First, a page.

- Which key stakeholders will see your online presence? (media/reporters, regulatory bodies, prospective clients/partners, your own employees, etc.)
- What impression do you want to make on them? (messaging, what do other people think about you and more)
- How are your key peers and/or competitors seen online? (Do they have multiple sites, images, Wikipedia, video, social media presence, in-depth articles, ads, reviews etc.?)
- What do your competitors have that could be opportunities for you?
- Do you have sufficient content on owned sites, third-party articles, social media, and crowd-sourced sites like Wikipedia and CrunchBase?
- Is it easy for searchers to find accurate, timely, third-party content about your brand?
- What are the important messages, articles and websites that should be seen; and which ones should not?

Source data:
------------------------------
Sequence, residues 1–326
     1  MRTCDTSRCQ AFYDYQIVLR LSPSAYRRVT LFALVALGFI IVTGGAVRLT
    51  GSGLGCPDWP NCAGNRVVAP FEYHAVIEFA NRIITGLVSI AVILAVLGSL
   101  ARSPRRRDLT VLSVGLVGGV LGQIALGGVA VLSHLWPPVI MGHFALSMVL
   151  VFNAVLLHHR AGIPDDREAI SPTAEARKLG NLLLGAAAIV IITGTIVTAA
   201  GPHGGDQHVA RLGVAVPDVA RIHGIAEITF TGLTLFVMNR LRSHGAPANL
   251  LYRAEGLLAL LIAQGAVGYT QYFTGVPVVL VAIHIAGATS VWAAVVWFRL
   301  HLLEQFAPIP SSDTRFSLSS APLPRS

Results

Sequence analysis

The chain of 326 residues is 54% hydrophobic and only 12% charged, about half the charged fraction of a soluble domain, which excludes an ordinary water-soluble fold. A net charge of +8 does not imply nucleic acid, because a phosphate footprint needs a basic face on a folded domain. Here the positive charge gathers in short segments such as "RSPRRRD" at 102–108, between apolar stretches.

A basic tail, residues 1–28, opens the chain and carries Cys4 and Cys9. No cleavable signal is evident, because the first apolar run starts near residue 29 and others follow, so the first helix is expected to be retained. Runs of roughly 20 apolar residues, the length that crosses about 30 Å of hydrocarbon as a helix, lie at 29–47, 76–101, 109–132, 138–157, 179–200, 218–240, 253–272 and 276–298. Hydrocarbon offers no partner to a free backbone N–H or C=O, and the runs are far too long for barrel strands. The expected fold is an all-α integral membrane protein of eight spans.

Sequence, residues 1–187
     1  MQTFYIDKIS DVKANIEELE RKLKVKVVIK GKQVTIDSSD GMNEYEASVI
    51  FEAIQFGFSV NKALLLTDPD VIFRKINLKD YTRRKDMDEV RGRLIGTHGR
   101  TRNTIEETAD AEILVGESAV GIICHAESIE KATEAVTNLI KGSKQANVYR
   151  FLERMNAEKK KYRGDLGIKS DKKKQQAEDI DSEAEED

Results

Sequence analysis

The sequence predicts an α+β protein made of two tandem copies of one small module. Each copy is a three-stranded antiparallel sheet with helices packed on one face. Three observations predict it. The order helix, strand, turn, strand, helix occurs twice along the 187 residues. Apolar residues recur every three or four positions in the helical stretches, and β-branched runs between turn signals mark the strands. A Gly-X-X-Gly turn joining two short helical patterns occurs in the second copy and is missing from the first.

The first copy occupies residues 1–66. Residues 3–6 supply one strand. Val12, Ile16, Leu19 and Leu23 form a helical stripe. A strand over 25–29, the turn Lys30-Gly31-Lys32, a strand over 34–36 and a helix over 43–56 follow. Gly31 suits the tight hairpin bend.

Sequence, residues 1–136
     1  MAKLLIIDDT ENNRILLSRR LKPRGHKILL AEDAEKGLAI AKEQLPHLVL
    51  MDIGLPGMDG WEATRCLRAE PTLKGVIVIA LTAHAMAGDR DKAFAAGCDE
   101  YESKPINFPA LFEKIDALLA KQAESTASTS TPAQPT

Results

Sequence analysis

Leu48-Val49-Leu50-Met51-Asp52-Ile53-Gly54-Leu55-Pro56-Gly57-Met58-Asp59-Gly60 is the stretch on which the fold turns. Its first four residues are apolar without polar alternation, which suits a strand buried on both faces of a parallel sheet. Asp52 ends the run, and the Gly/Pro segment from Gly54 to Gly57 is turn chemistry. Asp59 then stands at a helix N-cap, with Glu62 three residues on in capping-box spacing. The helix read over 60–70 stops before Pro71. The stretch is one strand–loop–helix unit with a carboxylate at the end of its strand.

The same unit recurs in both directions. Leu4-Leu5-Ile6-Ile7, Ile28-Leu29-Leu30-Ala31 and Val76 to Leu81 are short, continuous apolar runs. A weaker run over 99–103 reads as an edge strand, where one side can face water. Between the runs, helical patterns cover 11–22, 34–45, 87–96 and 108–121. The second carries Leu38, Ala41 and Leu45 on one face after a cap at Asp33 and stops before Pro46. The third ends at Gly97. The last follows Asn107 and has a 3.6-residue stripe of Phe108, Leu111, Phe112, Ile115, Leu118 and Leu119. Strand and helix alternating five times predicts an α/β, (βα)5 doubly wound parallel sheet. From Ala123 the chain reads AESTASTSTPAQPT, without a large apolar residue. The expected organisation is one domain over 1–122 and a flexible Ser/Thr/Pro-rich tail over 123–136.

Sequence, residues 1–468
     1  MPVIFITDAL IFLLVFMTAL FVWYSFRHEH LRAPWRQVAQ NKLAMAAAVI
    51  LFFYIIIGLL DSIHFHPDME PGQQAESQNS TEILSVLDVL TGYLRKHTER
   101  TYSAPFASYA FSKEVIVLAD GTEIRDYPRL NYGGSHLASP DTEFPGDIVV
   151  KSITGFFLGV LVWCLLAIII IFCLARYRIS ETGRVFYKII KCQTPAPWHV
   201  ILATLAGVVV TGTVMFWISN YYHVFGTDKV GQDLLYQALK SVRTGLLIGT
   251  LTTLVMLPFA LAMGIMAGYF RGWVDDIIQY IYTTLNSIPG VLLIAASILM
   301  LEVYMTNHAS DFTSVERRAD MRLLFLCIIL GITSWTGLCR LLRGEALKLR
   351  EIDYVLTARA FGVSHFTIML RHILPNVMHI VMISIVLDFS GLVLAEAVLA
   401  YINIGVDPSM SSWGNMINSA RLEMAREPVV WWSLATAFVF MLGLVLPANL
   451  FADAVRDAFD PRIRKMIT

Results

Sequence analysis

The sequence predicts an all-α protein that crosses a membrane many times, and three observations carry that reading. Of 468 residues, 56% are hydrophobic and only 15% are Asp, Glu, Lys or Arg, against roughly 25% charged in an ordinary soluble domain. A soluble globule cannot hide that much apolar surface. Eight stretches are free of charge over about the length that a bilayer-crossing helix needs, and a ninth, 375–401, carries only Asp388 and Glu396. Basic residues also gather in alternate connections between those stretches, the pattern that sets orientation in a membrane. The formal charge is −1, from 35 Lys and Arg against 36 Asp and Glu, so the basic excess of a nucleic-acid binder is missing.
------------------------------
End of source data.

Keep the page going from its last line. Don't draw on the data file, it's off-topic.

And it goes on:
- If there is negativity appearing in your online reputation, what are the underlying causes? (old story that has not been put to rest? nothing new to talk about? people talking about you rather than your ideas?)
- What are the potential threats your reputation could face and how have you prepared for them?
According to an equities.com article, the most critical part of managing a corporate online reputation is having a plan. This may sound obvious, but most Fortune 100 companies and top executives who we meet have no plan for how to handle their online reputation whether they are in a crisis mode or not. Think of an online reputation crisis as a metaphorical gopher hole that has appeared in your yard. To eliminate this unwelcome problem, most companies try to quickly fill in that hole and might even plant some new flowers on top for good measure. This might fix the issue for now, but as soon as another hole appears, you’re back at square one. With a plan, you have a better chance to prevent or mitigate the problem from the start. To formulate a solid strategy for how to best manage your corporate online presence, start by answering these questions: